Who first said, “You’re only as happy as you decide to be?” Was it Abe Lincoln, Henry Ford or that ‘Will something’ person who did rope tricks and never met a man he didn’t like? It sounds like something either of them would have said. And they most likely got the thought from even farther back—the world is round, and Mom used to say, ‘What goes around, comes around.’ She was right. It does. I wore an outfit to my book signing last night that was thirty years old—and it got compliments!
On to the subject of happiness; if it is a choice, how do we go about choosing? In spite of hearing all my life that things wouldn’t make me happy, and I feel guilty even saying this—they do. Things do make me happy. I like things. It’s a different kind of happiness than I get from loving people and being loved by people. But my things do create a form of happiness. The pottery mug I drink coffee from and the dainty china cup for my tea, they feel good in my hands … the painting I brought home from Poland makes me smile …. I love it! But is that happiness?
Bear with me—I’ve given this thought.
When I finished my first novel and held it in my hands, it made me happy. The second novel did the same, and as I near the end of my third novel, I’m happy and having fun in the hours I spend at my keyboard creating lives for my characters … why wouldn’t it be fun? They ( my characters ) have a great love for each other, enormous wealth, and beauty along with the perfect small town to live in—hey, this is fiction, and a short break from reality is what fiction is all about, isn’t it? My characters are good people, but sometimes they experience selfishness and other undesirable traits. I suppose most writers pull from their own life experiences in small ways without thinking about it. I never do! Uh-huh.
Deep into my third book, I often have to remind the main characters ( Lauren, Jackson and Brooke ) in the Valley Ridge series, that thankfulness and gratitude are their basic character beliefs. I know, I gave them those beliefs.When they forget and jump the track, problems arise, unhappiness enters. My thought is when we choose thankfulness and gratitude, the opposite from problems and unhappiness happens and happiness has a chance.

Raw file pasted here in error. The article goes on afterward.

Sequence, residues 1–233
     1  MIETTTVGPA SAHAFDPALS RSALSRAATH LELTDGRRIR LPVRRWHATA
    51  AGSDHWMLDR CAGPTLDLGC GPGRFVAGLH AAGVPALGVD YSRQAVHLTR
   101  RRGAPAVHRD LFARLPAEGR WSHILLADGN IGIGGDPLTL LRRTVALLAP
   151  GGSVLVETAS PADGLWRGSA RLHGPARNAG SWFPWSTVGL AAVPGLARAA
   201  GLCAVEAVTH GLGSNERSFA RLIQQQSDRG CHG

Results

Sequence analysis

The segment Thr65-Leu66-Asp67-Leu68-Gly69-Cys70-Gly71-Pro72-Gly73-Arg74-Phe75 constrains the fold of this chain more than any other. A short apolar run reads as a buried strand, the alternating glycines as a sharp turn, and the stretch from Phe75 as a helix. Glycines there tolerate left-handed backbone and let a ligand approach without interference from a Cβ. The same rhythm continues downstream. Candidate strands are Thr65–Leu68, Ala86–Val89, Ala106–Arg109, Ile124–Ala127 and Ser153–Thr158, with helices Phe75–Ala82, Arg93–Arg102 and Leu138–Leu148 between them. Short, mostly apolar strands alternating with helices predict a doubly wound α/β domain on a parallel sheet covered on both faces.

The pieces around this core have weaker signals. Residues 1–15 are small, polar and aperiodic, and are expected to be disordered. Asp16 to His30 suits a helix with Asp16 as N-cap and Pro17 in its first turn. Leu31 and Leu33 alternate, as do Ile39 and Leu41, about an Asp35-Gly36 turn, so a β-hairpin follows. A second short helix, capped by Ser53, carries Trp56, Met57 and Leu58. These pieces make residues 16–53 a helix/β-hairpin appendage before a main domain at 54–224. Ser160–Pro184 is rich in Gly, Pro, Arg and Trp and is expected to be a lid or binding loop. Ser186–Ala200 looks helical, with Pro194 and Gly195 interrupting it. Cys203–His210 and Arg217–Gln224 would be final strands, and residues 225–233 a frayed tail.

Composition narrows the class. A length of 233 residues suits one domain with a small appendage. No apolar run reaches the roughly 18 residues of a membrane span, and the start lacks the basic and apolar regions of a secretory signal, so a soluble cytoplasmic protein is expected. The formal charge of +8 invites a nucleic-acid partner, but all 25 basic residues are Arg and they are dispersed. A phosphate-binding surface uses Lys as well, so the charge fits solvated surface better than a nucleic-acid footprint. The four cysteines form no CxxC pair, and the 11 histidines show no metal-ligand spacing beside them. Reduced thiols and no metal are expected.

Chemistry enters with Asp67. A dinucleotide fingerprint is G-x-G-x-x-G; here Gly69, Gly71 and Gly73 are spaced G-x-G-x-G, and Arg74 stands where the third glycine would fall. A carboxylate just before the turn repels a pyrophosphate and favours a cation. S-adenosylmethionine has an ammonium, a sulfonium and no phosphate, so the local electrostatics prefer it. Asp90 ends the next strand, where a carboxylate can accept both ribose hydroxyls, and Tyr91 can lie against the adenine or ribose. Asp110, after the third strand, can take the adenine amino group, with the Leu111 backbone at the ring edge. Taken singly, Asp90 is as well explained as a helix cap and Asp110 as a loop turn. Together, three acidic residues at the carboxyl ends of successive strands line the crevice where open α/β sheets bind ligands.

So, when the people I love and appreciate sacrifice a Friday evening at the end of a long week, going out into the cold to support me and my efforts, and buying a book that may be the farthest thing from what they’d ever read, I’m thankful, grateful—and happy. I’m filledWith a happiness I could never get from the best of things. Possessions may bring joy and comfort, but never touch the heart the way love and friendship does. Can we really choose happiness? Uh-huh, I think so. Oh, and the Will I mentioned earlier was Rogers, Will Rogers—a seemingly happy man. Give thought to what makes you happy. I’d love to hear your thoughts.
A great big humble thank you to everyone who came to the book signing! It was hosted by The Friends of the Library ( Nicki Powell and Alice Cochran ). The three authors were, Melrose Ayres, Denise Balog and myself—thank you again, you fill us with thanksgiving and gratitude! 🙂 To Ruth Allen and Bonnie King for helping with setting up and sales—many thanks, girl friends! 🙂
Keep God in your plans and in your heart! Until next time, MaryJ with 🙂 and hugs!
P.S. I had to share: As I looked back over this post, I caught a typo. Where I said my thirty-year old outfit had received compliments—I had spelled complaints! I had a good laugh and was instantly grateful I caught that. ( complaints could have easily been the correct word! 🙂
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As I worked from this image on my iPad, a small still life I had set up and photographed awhile back, my mind wandered as always when I paint. I put down strokes, I wiped off strokes, working in my push/pull method of getting the drawing to the degree I wanted.
How easily I wiped away the strokes that didn’t work out.
Would that it was as easy in life to wipe away the marks when I mess up. Yes, if once I realized my error, just swipe—and I could start over. How wonderful that would be.